Several years after ProCyte Corp.'s copper peptide gel for diabetic plantar ulcers failed in a Phase III trial, the company has won marketing clearance for the compound — which already is sold for general wound care — in a hydropolymer wound dressing.

Redmond, Wash.-based ProCyte will begin selling the OsmoCyte PCA Pillow Wound Dressing immediately, through its distributor, Bard Medical, of Covington, Ga.

"It's the one product that merges our two core technologies: the copper peptide and the hydropolymer," said Jon Sortland, ProCyte's manager of finance and accounting.

Used in Iamin gel, the copper peptide failed to achieve its primary endpoints in a Phase III trial, which sent ProCyte's stock plunging 68 percent and led to the cutback of a third of the company's staff. (See BioWorld Today, Oct. 18, 1994, p. 1, and Oct. 25, 1994, p. 1.)

"The company believes that copper peptide does aid in wound healing, including diabetic ulcer wounds," Sortland said. "It has an active ingredient that accentuates wound healing, and we have data to prove that."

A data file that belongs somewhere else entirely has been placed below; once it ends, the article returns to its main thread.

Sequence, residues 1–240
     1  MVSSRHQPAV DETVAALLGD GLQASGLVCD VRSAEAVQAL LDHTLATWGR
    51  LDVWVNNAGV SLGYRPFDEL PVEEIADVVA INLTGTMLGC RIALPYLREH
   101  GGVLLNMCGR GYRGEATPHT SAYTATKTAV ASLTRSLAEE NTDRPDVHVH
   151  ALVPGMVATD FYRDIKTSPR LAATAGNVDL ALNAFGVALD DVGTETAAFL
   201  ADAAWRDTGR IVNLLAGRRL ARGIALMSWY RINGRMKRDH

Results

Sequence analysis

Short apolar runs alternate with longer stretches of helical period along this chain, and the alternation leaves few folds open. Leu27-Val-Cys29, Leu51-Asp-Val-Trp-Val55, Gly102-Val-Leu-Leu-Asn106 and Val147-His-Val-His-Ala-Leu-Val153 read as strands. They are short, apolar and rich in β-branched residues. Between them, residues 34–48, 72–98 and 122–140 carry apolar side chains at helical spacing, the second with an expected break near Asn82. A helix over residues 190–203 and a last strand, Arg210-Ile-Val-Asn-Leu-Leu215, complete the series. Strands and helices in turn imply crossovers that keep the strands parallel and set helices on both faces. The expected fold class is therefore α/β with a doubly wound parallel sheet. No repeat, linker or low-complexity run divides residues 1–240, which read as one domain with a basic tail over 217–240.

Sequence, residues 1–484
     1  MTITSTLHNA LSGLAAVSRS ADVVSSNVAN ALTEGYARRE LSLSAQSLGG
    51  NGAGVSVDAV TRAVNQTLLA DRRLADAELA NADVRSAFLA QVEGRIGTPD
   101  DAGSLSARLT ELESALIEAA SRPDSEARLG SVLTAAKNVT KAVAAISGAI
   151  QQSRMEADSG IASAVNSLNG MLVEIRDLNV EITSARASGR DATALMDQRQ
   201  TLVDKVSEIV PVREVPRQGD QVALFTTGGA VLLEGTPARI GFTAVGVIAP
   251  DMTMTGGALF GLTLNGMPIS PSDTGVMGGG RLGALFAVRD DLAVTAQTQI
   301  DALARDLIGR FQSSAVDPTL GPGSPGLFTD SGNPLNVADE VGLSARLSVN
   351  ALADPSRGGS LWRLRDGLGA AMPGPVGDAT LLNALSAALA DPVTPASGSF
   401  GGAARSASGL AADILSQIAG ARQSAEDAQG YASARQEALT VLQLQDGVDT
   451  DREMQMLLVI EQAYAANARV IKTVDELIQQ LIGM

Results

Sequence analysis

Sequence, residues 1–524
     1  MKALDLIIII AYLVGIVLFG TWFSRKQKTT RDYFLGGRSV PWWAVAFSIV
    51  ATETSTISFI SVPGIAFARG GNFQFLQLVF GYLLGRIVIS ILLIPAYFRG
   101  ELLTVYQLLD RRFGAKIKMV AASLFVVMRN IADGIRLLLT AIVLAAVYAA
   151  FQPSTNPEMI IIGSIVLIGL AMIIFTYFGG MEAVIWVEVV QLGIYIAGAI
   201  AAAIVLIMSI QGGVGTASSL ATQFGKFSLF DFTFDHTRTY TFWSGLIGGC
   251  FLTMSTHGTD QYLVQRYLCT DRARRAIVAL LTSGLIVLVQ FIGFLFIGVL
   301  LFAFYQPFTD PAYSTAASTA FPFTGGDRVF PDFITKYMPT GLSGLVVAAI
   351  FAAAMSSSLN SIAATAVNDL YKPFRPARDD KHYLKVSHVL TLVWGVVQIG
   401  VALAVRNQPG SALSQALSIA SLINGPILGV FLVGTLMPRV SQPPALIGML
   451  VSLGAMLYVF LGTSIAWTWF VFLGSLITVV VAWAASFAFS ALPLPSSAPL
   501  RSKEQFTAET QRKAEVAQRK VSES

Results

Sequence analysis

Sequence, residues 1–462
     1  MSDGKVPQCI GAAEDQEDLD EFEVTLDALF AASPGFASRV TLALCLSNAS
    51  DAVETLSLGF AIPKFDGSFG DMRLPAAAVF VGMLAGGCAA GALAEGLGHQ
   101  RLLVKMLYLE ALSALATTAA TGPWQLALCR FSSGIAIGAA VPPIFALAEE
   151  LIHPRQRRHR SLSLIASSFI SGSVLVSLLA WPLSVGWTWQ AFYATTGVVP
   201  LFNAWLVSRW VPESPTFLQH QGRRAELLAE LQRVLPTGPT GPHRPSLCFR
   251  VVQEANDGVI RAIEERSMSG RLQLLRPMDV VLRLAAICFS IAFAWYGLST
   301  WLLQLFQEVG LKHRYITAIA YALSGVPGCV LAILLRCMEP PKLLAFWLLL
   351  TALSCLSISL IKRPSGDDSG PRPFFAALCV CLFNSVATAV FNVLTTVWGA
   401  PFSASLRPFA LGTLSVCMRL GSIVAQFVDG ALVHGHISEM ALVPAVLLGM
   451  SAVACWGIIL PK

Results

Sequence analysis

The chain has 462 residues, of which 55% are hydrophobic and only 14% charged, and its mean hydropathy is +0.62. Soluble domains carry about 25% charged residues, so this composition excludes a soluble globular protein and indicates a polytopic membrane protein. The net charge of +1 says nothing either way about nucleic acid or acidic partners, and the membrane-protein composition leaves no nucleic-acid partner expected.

He cited study design in 1994 as a possible reason why the difference between treated subjects and those treated with placebo failed to reach statistical significance in reducing wound size and achieving wound closure.

"We have various product candidates in various stages of development, mostly for specialty wound healing," Sortland added. Among those is a product for patients who have undergone hair-transplant surgery.

ProCyte's stock (NASDAQ:PRCY) closed Tuesday at $1.562, up $0.312. — Randall Osborne

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